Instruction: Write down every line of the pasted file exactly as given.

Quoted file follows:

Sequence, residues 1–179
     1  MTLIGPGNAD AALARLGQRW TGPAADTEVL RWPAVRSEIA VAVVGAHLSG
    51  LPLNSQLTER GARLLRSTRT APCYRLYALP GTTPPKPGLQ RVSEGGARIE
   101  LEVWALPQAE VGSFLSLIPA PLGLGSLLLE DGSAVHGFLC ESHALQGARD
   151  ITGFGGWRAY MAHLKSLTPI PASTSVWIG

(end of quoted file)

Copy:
Sequence, residues 1–179
     1  MTLIGPGNAD AALARLGQRW TGPAADTEVL RWPAVRSEIA VAVVGAHLSG
    51  LPLNSQLTER GARLLRSTRT APCYRLYALP GTTPPKPGLQ RVSEGGARIE
   101  LEVWALPQAE VGSFLSLIPA PLGLGSLLLE DGSAVHGFLC ESHALQGARD
   151  ITGFGGWRAY MAHLKSLTPI PASTSVWIG